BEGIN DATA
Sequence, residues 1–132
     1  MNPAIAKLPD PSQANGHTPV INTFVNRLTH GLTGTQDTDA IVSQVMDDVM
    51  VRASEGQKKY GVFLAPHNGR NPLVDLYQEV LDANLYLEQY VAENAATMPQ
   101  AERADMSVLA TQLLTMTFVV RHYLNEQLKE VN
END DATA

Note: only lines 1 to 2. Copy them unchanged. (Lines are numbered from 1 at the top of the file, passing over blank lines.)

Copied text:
Sequence, residues 1–132
     1  MNPAIAKLPD PSQANGHTPV INTFVNRLTH GLTGTQDTDA IVSQVMDDVM